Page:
‘Rock flamenco’ guitarist El Javi to play Colorado Music Showcase at the Wheeler Opera House
IF YOU GO …
What: Colorado Music Showcase
Where: Wheeler Opera House lobby bar
When: Sunday, Aug. 5, 8 p.m.
How much: Free
More info: The evening, part of the Wheeler’s Sunset Sessions series, includes performances by Miss Meaghan Owens, Roma Ransom, Valle Musico and El Javi; wheeleroperahouse.com
El Javi may be the king of “rock flamenco.”
The Denver-based guitarist also coined the term, basically invented the form and founded this kingdom himself — melding the hard-edged electric shredding style of heavy metal with the romantic folkloric Spanish tradition of flamenco.
“I’m still a rocker,” he said in a recent phone interview.
El Javi will play the Colorado Music Showcase at the Wheeler Opera House on Sunday, performing with a trio and introducing listeners to his unique style.
The free showcase of Centennial State talent also includes performances by indie folk artist Miss Meaghan Owens of Glenwood Spring, the Colorado Springs psych-folk outfit Roma Ransom and the Roaring Fork Valley’s own Valle Musico.
The event is among the last in the Wheeler’s eclectic summer-long Sunset Sessions series, which has proved to be a popular addition to the packed summer events calendar in Aspen, including two recent standing-room-only performances of Aspen singer Nina Gabianelli’s one-woman show. This weekend also features a free Sunset Sessions open mic night for local comedians Friday. The series closes Aug. 10 with comedian Julian McCullough.
Raised in Mexico City, Javi was a metalhead as a teen. Inspired by Metallica and Led Zeppelin, he dreamed of life as a guitar hero.
When he came to the U.S. to study at the Musicians Institute in Los Angeles, however, his bubble quickly burst.
“I was pursuing the whole rock life,” he explained. “But when I was there, I realized everybody else was, too. Everybody was a metalhead and a shredder. I was like, ‘Oh s—.’ I didn’t feel special or unique.”
Disillusioned, he put down his guitar for half a year.
“I was so depressed about it, I was like, ‘I don’t know what else to do now,’” Javi recalled.
He even sold off his guitar and his amps. But, on a whim, he bought a flamenco guitar and started noodling with it. That instrument would help him find his voice as an artist and would send him on a yearslong creative adventure.
He put aside rock and metal and started teaching himself the flamenco technique, listening and playing along to classics like “Friday Night in San Francisco” by Al Di Meola, Paco de Lucía and John McLaughlin.
He then went to Spain in 2004 to study flamenco at the source.
“That changed my life completely,” he said. “When I went to Spain, it became a passion and I immersed myself in it and the lifestyle.”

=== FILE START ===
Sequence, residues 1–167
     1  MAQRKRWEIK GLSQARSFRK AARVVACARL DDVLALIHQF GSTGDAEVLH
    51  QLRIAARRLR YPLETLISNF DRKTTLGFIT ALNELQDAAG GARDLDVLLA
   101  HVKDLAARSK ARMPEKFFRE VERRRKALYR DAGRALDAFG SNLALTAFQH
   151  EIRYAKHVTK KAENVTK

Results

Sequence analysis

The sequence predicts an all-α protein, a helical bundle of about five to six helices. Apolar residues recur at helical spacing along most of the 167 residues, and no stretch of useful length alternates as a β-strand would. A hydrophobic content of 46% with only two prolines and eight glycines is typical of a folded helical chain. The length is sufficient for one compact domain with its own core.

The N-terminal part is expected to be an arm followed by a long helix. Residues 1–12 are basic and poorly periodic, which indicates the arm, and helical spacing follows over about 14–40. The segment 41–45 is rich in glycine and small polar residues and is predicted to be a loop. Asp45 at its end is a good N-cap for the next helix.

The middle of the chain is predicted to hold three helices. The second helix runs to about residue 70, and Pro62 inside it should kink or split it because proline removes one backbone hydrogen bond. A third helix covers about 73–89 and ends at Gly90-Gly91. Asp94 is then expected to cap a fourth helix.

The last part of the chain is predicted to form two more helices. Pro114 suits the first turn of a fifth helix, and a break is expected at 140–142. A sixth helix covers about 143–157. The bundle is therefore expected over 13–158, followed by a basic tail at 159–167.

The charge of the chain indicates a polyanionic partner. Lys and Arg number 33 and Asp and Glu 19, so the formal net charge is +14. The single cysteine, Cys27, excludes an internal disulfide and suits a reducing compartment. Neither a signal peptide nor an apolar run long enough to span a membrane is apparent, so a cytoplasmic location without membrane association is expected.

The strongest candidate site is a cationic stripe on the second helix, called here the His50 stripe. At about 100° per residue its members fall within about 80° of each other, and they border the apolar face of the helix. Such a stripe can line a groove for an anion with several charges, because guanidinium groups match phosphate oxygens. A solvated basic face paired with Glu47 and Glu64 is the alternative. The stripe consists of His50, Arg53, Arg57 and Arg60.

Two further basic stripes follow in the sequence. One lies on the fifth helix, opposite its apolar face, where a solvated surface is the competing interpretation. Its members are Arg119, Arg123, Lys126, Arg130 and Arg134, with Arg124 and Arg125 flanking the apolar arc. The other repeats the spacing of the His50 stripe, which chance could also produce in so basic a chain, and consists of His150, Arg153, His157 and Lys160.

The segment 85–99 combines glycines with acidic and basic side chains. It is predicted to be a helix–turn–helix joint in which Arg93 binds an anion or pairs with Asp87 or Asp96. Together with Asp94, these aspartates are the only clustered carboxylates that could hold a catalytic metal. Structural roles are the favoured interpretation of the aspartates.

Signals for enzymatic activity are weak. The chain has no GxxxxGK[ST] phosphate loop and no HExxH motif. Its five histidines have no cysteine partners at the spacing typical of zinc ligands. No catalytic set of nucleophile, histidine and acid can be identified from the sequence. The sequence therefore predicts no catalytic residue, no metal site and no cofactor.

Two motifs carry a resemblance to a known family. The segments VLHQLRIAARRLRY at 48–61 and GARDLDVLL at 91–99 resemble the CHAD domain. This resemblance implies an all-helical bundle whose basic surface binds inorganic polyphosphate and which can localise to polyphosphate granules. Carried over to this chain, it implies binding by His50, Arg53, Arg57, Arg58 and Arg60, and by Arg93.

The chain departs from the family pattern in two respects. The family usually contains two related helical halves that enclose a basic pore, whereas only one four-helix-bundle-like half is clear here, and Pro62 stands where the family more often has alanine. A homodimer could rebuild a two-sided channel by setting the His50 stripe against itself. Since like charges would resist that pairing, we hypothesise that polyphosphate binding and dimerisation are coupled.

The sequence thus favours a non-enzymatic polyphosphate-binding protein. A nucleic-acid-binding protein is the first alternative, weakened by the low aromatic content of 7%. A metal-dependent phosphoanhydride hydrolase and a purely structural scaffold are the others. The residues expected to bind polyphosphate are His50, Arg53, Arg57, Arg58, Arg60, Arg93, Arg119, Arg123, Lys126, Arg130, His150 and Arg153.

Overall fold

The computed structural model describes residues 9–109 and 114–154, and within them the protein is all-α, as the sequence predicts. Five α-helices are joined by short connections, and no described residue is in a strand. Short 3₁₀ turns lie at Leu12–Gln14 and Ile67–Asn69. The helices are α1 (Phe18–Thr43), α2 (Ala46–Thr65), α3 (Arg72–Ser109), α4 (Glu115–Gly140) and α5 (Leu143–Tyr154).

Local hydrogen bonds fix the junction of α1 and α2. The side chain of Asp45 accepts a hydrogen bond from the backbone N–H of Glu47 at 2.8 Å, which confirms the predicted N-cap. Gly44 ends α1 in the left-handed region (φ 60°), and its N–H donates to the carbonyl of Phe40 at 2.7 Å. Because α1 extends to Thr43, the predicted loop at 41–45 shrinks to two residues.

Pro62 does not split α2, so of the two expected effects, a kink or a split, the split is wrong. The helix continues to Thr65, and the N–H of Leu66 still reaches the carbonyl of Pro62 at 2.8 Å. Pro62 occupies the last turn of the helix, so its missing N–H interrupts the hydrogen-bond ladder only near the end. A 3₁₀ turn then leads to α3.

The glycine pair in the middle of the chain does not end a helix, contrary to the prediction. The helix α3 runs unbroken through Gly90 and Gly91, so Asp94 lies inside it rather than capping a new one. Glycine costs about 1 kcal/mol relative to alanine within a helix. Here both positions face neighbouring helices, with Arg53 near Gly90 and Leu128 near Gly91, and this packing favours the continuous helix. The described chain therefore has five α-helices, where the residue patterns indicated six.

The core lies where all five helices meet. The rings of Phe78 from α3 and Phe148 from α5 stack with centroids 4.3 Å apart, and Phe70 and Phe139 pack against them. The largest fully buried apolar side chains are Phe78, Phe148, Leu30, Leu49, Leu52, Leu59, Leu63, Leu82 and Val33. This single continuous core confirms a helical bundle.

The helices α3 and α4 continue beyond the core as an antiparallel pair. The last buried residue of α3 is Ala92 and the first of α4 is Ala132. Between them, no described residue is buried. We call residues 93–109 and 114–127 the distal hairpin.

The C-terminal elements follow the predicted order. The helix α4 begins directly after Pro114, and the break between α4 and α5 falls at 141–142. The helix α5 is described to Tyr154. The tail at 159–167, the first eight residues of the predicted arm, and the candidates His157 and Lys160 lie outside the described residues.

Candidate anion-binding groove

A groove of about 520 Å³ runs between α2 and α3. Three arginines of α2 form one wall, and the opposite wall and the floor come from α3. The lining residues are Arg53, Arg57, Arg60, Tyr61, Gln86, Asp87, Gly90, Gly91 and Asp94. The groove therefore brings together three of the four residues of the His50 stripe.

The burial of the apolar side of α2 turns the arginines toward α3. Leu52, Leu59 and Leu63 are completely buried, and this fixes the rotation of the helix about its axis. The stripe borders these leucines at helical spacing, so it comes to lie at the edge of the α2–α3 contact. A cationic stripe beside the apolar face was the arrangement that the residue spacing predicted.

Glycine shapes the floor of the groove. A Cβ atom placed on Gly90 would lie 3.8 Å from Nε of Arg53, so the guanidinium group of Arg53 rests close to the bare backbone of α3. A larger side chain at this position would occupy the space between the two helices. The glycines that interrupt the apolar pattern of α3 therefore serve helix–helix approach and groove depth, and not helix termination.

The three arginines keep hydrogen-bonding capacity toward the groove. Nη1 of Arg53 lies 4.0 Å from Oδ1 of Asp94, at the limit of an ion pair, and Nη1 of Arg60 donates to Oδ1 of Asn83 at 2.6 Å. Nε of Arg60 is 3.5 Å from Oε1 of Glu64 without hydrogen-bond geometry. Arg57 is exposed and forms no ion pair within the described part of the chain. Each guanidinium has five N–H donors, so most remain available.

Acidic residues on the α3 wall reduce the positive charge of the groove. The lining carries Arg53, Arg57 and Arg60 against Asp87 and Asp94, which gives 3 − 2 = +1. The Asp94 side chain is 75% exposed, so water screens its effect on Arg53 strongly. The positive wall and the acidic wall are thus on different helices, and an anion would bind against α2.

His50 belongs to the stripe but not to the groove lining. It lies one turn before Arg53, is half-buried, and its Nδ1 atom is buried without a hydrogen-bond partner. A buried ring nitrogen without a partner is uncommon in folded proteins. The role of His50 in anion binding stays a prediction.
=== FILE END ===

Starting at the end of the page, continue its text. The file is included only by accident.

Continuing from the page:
When he came back to the U.S. and settled back in Los Angeles, Javi had a light-bulb moment that birthed his “rock flamenco” style.
“I was like, ‘Well, this is all nice but I don’t want to be sitting down and playing the guitar,’” he recalled. “I’m still a rocker. I play hard. So that was when I started experimenting combining the essence of rock — the chord progressions, the rhythm — with the flamenco.”
His 2012 album “Self-Portrait” announced the new style.
His most recent record is “A Gypsy Journey, Part II.” Released in 2017, it is the second in a series of albums based on his travels playing music and immersing himself in world cultures. He’s taken an increasingly elastic approach to genre, bringing in elements of jazz with horns, and folk traditions with violin, moving easily between electric and acoustic guitar.
“It’s a reflection of the travels, the people we meet, the places we go and finding inspiration to write music about that,” he said.
The new record includes a tribute to his adopted home titled “Colorado.” Javi has been based in Denver for three years and has become a regular in Aspen and the Roaring Fork Valley with regular gigs at the St. Regis and elsewhere. After this weekend’s showcase at the Wheeler, he’ll be back in the valley next weekend for the KDNK Hootenanny in Carbondale on Aug. 10.
“What I feel I get is more of a small-town, quiet nature,” he said of life in the Mountain West. “That’s something I haven’t ever done — camping and fishing and all this stuff. It’s more about self-discovery.”
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The nonprofit VOICES led 39 bilingual Basalt Middle School students through a visual journaling project to tell their stories this spring.